- Beware litterboxes and food bowls. These things need to be on the floor so kittens can access them but they can prove pretty interesting for toddlers. You need to keep them away from these things while still making it possible for kittens to access. A baby gate is a good solution as kittens can fit through the bars. You don’t want to find your child digging into the cat’s food or rummaging through the litterbox!
- Kittens shouldn’t be allowed outside for at least the first 6 months to protect them from diseases, predators, and theft. This means your children will need to know not to leave doors and windows open. Install child-proof locks if needed.
- Provide a lofty retreat. A bookshelf, counter top, desk, etc. where children can’t reach them provides an escape option for overwhelmed kittens.
- Let children give treats to help the kitten associate them with good things, and provide safe toys like feathers or soft balls for them to play with. A stick with feathers on it is great fun but small children could poke their or the animal’s eye with it so we don’t recommend these.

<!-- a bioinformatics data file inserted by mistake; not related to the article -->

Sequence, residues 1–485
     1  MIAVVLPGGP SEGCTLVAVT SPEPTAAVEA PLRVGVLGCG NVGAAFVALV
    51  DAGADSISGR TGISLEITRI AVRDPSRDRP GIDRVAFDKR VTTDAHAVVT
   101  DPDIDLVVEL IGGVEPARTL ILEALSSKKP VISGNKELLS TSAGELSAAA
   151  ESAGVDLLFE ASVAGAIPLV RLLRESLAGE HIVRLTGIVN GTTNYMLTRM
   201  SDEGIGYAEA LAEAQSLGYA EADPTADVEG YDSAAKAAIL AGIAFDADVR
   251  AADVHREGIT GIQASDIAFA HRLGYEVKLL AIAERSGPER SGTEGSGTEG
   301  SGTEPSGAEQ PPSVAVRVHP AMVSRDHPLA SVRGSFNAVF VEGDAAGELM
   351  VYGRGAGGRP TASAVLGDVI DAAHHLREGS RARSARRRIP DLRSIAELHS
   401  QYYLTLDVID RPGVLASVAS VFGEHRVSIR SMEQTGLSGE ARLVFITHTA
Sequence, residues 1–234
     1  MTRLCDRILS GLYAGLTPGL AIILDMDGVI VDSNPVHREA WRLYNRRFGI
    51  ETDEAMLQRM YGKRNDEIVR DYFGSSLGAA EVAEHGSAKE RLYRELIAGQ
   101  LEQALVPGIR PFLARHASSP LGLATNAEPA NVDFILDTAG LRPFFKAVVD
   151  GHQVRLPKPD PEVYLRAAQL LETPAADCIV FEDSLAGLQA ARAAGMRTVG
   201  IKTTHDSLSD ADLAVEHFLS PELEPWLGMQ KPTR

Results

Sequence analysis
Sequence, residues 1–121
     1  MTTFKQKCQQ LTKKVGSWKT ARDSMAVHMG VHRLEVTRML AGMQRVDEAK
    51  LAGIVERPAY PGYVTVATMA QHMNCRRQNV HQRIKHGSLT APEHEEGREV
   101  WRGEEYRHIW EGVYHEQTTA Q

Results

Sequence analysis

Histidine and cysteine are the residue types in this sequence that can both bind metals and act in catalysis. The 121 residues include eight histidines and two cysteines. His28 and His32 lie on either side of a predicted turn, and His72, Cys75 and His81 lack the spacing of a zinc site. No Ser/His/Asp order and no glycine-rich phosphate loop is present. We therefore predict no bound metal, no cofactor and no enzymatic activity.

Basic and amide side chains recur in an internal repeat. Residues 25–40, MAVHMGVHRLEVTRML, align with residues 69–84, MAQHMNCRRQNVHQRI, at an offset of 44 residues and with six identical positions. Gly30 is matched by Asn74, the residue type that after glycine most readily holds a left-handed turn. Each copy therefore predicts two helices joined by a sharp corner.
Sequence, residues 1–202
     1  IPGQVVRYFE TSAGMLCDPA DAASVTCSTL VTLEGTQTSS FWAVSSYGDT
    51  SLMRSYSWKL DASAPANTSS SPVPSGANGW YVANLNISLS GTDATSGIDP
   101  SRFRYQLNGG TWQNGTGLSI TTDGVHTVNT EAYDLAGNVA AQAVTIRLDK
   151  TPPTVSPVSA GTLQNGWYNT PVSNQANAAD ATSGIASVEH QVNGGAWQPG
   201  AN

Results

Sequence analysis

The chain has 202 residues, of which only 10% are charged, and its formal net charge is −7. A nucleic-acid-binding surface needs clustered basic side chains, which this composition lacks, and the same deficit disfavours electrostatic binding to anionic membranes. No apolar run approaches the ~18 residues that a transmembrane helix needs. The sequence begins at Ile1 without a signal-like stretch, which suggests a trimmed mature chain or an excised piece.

Having small kittens when you also have young children is not always ideal but, IF you put in the work, it can work. We do not have a blanket policy of not rehoming kittens to homes with young children – we do adoptions on a case-by-case basis. However, if we have declined a home, there is always a good reason for it: either the kitten/s in question are already not good with or afraid of children, or we can see that the home will not provide the right environment for kittens. Always remember that what is best for the animals is also best for the humans – after all, you want a happy, loving animal as your companion, not a scared, antagonistic one. Therefore, we ask that people carefully consider whether or not a kitten will indeed fit into their home life and, if not, either wait a little while or adopt an older animal.